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The Untold Truth Of Dark Souls

Out of the millions of video games ever made, the Souls series is forever special because they've harnessed a power that's always been part of video games but never turned into a weapon of mass appeal: frustration. Demon's Souls, Dark Souls I, II, and III, and Bloodborne have broken men and women into salty balls of rage, which is the point—everything about the games are intended to be as difficult as possible. Succeeding in the Souls series can be enough to make you feel like you've won the Super Bowl, the World Series, and Olympic gold all at the same time.


With all that hardcore gaming going on, it's been easy to miss some of the less obvious details and behind-the-scenes stories from the franchise. What's been hidden throughout the history of Souls? Let's find out.

The director changed for one game, and the quality dropped

Hidetaka Miyazaki, the head director for most of the Souls franchise, is as hands-on as it gets. Dark Souls 2 is the exception, though. Because Miyazaki was working on Bloodborne at the same time Dark Souls 2 was being made, he kept his focus on Bloodborne and simply took a supervisory role on Souls 2. Taking his place at the helm of the project were the duo of Yui Tanamura and Tomohiro Shibuya.


When the game came out, reviewers conceded it was an excellent game—just maybe not compared to its predecessors. We can only wonder if Miyazaki read the reviews, but he was right back in the director's chair for Dark Souls 3. And some of the changes made were seemingly reversed: Drangleic, the setting of 2, was abandoned in favor of returning to Lordran for 3, and the speed of the game was more in line with Bloodborne. It might be safe to say they couldn't make a Souls game without Miyazaki.

There are constant references to the anime Berserk

Everybody has a television show, video game, book—whatever—that they'll love forever. Hell, entire cultures have been born around this love—just ask Trekkies, Doctor Who fans, and Star Wars devotees. Miyazaki is no exception. His leading light is the manga/anime Berserk, which has a dark fantasy style not unlike the Souls games.


In fact, Miyazaki, has stuffed the Souls games with Berserk references. Just about every weapon, landmark, enemy, and character you run into smacks of something from the series. How about Siegmeyer of Catarina, the other great Sir Onion? Don't he and his Catarina armor look like the evil mercenary Bazuso? Other things are straight out of the series, like the blacksmith Rickert of Vinheim from Dark Souls, who shares a name with one of the protagonist's bandit followers.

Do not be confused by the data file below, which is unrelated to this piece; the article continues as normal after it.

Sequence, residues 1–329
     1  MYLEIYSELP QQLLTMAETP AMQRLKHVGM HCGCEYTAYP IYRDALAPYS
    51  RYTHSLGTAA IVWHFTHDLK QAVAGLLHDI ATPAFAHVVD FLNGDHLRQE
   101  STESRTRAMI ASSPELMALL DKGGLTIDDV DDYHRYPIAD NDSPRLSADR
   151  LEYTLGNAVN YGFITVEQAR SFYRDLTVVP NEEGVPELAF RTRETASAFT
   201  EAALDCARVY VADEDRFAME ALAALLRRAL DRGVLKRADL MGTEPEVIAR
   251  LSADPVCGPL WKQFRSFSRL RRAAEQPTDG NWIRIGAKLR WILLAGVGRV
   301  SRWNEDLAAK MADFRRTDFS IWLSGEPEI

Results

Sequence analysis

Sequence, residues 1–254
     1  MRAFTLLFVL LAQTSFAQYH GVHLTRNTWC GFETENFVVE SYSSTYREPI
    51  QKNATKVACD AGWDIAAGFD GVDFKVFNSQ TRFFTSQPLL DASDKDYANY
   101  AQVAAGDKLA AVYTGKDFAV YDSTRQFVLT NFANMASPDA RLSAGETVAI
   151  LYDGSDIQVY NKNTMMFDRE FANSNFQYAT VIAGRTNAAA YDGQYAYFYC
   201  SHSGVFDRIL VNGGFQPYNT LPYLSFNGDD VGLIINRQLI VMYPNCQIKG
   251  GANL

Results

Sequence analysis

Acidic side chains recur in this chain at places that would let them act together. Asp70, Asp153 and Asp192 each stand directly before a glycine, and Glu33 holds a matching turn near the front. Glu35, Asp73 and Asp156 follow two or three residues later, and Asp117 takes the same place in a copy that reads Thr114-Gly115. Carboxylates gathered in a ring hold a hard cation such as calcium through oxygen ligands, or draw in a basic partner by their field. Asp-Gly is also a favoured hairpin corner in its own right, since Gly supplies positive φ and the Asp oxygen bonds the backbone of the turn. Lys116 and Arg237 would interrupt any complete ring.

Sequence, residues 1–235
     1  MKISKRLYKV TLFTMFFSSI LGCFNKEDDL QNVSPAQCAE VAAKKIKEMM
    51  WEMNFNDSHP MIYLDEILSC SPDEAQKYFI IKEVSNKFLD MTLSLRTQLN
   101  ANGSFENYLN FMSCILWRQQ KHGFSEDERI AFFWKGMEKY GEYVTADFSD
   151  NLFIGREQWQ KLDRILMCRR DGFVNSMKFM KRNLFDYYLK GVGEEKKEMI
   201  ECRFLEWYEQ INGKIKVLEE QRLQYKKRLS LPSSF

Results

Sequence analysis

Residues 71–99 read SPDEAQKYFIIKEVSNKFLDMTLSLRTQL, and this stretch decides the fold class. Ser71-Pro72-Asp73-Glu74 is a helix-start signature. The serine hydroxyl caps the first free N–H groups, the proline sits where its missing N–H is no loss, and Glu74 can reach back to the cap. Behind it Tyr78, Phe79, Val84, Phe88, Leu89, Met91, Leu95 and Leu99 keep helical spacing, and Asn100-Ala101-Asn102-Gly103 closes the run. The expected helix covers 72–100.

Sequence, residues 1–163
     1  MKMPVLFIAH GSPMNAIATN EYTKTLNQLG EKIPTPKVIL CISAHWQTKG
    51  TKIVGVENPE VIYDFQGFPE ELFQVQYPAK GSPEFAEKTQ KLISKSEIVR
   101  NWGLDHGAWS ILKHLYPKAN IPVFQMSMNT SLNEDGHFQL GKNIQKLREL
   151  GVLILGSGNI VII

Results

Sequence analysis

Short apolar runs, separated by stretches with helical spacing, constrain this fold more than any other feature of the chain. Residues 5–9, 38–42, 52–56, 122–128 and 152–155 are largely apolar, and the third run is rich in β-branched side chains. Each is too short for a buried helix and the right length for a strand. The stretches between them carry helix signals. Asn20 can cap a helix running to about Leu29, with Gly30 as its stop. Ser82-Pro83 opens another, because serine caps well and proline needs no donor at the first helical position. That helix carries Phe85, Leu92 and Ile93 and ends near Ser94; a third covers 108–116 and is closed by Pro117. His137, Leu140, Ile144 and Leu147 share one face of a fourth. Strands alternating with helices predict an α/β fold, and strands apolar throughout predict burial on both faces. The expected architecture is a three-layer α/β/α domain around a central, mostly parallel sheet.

It was rumored awhile back that Berserk creator Kentaro Miura would be linking up with Miyazaki to work on some kind of project. It hasn't happened yet, but for the moment, fans of both can enjoy making Berserk's protagonist Guts in the character creation screen of any Souls game and sending him to wreak havoc through Boletaria, Lordran, Yharnam, or Drangleic.


No Moonlight Greatsword is left behind

Before the Souls games, From Software's big money franchise was a fantasy RPG called King's Field. Slightly similar to what the Souls games would become, but with a first-person perspective and a Doom-like style of play, it ran for four games, the first three released yearly from 1994 to 1996, and the fourth in 2001. One of the main weapons in King's Field was called the Moonlight Greatsword—it appeared in all four games, and served as a major plot device in the second.


Apparently, the devs at From Software loved this thing too much to keep it in the past, because when Demon's Souls rolled around, players who dug deep enough found the Holy Moonlight Sword, an acknowledgment of From Software's past as well as a powerful weapon; the same happened in Dark Souls, Dark Souls 2, and Dark Souls 3. Fans might have been disappointed at first when running through Bloodborne, as Miyazaki seemed to have finally left out the Moonlight Sword, but upon the release of The Old Hunters DLC, they rediscovered their joy again—not only did the sword return, it was in the hands of an epic boss who put it to great use.

The creator knows his base (and trolls them right)

In Dark Souls—and indeed a number of other role-playing games—the last step in the character creation menu is a starting gift, some sort of inventory or key item that comes with you from the jump. It can help or hamper how you get through the game, especially one as notoriously hard to beat as Dark Souls, so you can imagine how fans' ears perked up when Miyazaki mentioned in an interview that he'd pick the Pendant as his starting gift if he were playing.


Practically, the Pendant doesn't seem to have much to offer (it even says as much in the item description), so it was nobody's first choice. You can trade the Pendant for a covenant item, but that's about the only usefulness it has. But fans kept pressing on, thinking that there was something they'd missed, because there's no way in hell the freaking director of Dark Souls would say something like that for no reason.

As it turns out, he did have a reason: it was all a goof. Miyazaki admitted in a 2012 interview with IGN that his public Pendant love was "a little bit of an intention to play a prank." It's probable the people who got the joke and thought it was funny aren't the ones who spent tons of game hours chasing the secret. But if nothing else, it proves that Miyazaki is a creator who knows his audience very well.